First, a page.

A man slowly dying on Pennsylvania's death row, where he says he was put by a corrupt cop, was granted a second chance to prove his innocence today.
Philadelphia Judge Willis Berry ordered a new trial for gravely ill Pennsylvania inmate Fred Thomas, who was convicted in 1995 in the shooting of Federal Express driver William Moyer.
Thomas' lawyers argued that a cop later convicted of shaking down drug dealers, Highway Patrol Officer James Ryan, was responsible for Thomas' conviction, and that the officer scared off a witness who could have exonerated him.
Berry agreed the woman's testimony would have been key, and set a July 1 status hearing for the prosecution to formally announce whether they will appeal. Philadelphia District Attorney Lynne Abraham said after the ruling her office would.
Prosecutor Andrew Gibson had argued that the witness, Maria Fielding, who has since died, did not testify at Thomas' trial because she had an outstanding warrant against her and didn't want to get arrested. And in any case, prosecutors described her as a liar who couldn't be believed.
Berry ruled that if the jury had heard Fielding, who named someone else as the killer, they likely would not have convicted Thomas.
"I think his rights were violated," Berry said. "He did not get a fair trial, it does not appear to be fair."
He continued that if the jury knew what he knew now, "There's no way they would not find reasonable doubt in this case."
Inmate’s Family Knows Joy
The ruling brought joy to Thomas' supporters and family, who have organized protests and proclaimed his innocence for years.
"I'm so happy," said Thomas' sister Mildred. "I'm glad [the status hearing] is coming up soon. I prayed, I prayed, I did a lot of praying. I believed my brother was innocent all along."
Abraham said her office would appeal the ruling, and reaffirmed her belief that Thomas is a killer. In particular she attacked the credibility of Fielding.
"Substantively, Maria Fielding's statement about the killing is incredible," she said in a statement that detailed alleged inconsistencies in Fielding's claims, and those of her husband, whom the defense presented in its case for Thomas.
"We are gravely disappointed by the ruling of the … court granting this defendant a new trial," Abraham said. "We remain confident in our belief that this defendant is guilty of the cold-blooded murder of William Moyer Jr."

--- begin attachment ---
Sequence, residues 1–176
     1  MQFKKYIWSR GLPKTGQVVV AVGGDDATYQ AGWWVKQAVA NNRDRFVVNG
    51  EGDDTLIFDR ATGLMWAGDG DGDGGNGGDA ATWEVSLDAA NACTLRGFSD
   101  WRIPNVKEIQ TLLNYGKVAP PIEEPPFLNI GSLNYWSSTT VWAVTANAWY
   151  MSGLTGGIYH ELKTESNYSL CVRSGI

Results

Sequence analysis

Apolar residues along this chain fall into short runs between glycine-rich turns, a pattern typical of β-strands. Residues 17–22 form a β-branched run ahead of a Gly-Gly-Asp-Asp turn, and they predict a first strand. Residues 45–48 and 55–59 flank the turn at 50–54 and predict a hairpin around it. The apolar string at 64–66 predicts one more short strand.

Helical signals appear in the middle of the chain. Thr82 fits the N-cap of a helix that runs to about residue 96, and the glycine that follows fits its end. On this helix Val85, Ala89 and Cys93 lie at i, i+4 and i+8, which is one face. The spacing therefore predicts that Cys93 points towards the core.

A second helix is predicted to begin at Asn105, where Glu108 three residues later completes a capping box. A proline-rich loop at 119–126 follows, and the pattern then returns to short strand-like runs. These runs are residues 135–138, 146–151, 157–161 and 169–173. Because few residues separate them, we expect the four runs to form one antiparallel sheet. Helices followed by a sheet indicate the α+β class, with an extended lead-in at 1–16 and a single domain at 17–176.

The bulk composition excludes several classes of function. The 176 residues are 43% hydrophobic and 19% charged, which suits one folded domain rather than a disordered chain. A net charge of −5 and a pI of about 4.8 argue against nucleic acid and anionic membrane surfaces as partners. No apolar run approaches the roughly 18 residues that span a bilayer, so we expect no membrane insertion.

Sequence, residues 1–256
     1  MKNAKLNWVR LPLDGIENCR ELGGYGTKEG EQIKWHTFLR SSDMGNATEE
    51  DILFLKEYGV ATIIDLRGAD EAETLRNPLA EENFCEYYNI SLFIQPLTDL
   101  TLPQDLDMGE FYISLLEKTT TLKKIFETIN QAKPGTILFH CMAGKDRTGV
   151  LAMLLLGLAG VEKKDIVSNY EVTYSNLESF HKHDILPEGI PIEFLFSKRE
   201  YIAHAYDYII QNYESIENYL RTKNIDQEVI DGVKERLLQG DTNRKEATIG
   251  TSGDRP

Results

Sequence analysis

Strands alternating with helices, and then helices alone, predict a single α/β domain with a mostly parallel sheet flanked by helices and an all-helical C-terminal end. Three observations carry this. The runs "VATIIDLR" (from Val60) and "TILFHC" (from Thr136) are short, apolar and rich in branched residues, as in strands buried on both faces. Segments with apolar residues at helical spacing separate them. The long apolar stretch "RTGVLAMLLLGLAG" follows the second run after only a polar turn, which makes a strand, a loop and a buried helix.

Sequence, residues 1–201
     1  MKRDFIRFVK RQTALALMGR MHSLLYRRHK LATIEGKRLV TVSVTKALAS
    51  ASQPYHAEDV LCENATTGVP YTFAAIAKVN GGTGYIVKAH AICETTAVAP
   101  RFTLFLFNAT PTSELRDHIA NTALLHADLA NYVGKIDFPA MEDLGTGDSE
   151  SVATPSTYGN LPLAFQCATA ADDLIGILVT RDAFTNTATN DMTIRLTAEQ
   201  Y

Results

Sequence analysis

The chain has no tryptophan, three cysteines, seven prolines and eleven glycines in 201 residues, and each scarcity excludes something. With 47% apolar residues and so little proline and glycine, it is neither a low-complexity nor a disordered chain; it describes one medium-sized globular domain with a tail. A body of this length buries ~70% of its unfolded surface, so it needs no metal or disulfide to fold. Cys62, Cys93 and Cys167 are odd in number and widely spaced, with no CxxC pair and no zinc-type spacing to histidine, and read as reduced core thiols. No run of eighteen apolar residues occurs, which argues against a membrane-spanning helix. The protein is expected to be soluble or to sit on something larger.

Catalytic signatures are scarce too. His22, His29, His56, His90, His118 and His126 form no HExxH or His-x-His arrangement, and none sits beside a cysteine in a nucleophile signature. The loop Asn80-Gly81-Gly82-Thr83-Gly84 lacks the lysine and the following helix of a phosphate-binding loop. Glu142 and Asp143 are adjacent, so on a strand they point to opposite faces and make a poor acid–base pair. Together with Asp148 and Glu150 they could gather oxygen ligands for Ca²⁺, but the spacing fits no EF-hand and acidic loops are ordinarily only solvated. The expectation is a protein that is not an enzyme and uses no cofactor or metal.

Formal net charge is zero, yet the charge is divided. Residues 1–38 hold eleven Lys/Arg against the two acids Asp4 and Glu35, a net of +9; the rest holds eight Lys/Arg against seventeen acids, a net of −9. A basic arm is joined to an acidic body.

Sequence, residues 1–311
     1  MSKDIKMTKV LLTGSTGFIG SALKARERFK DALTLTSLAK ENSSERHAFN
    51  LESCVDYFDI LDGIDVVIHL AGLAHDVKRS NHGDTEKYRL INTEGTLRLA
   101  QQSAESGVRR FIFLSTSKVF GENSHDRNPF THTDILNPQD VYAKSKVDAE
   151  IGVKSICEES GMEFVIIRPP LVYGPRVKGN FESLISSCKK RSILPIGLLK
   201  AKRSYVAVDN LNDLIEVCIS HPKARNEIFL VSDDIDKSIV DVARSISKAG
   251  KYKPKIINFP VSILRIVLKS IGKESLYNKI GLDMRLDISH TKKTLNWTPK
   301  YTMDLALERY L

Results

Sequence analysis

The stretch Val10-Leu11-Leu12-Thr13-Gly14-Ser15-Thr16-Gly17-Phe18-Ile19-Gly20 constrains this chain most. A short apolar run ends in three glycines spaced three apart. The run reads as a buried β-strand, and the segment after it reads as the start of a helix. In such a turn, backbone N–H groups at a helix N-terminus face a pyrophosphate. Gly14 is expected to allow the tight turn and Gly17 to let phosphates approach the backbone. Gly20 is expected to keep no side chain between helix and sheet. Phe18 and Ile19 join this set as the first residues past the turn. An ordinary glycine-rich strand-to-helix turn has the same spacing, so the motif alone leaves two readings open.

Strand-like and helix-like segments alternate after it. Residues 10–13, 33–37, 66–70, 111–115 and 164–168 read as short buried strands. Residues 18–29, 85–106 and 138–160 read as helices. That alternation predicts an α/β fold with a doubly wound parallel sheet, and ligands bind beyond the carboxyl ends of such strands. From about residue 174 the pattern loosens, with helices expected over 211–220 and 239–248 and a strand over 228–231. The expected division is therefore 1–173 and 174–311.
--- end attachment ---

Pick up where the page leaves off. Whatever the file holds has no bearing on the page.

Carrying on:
Click here to read the entire statement.
'Disturbing' Lack of Evidence
The prosecutors' case hinged on two witnesses who testified in the trial that they saw Thomas running from the scene of the killing four days before Christmas in 1993 in North Philadelphia, in an area known as the Badlands.
The witnesses, William "Greenie" Green and Charles "Countrie" Rowe, were reputed to be neighborhood drunks, and were warming themselves around a fire in a barrel near the intersection were Moyer was killed. They testified they saw Thomas at the intersection before they heard a "loud bang." They said they never saw Thomas shoot Moyer. They heard the bang and saw him run towards an alley, stuffing something in his coat.
Police never found a murder weapon, or any physical evidence to connect Thomas to the shooting, which Berry said he found disturbing.
Berry also said today that he would have instructed the jury that evidence of Thomas' alleged flight from the scene was not enough to convict him of first-degree murder.
He described Maria Fielding as the "lynchpin" of his decision, and cast doubt on prosecutors' assertions that Fielding would not have testified. Berry said Thomas' lawyer at the time did everything he could to produce the woman. And he said that he found it suspicious that it turned out that Fielding had been taken into custody, and that even while prosecutors said she could not be found, she was in fact in the same court building at the time she was needed.
"If she was allowed to come into the courtroom … my brother would never have been found guilty," Mildred Thomas said.
Likely to Die Before He Gets His Day
Fred Thomas, 56, is deathly ill with end-stage liver disease, diabetes and hepatitis C, his lawyers say. His pancreas barely functions, and he has been diagnosed with encephalopathy because his liver can no longer process toxins.
Thomas' doctors say he may have a couple of years to live but make no guarantees he will last that long. Thomas says prosecutors realize they have wrongfully convicted him but are unwilling to clear his name. Instead, he says, they've been throwing roadblocks to his appeal through various court filings and motions, hoping that he will die before having a chance at a new trial.
Thomas' attorneys predicted that prosecutors would appeal the judge's decision, which could begin a lengthy series of court hearings before Thomas ever gets a new trial. He was not freed today because it is still a capital case, and he is still serving up to 15 years in an unrelated case.
"It conceivably could take a long time for him to get to a trial," said James Moreno, one of Thomas' lawyers. "He's very sick."
Thomas, in an interview with ABCNEWS in prison earlier this year, said he feels like the prosecutors know they are wrong, but are trying to stretch out the process as long as they can.
"The DA's office is waiting for me to die," Thomas said.
The man who perhaps is the most responsible for advancing Thomas' case this far, private investigator Joe Thornton, said he doubts Thomas will make it, but today's ruling may be enough.
"I don't think Fred Thomas will live through a new trial; this is his victory right here today," said Thornton, whose efforts produced two witnesses who backed Fielding's version of events.
ABCNEWS' Eddie Pinder, Bryan Robinson and Michael McAuliff contributed to this report.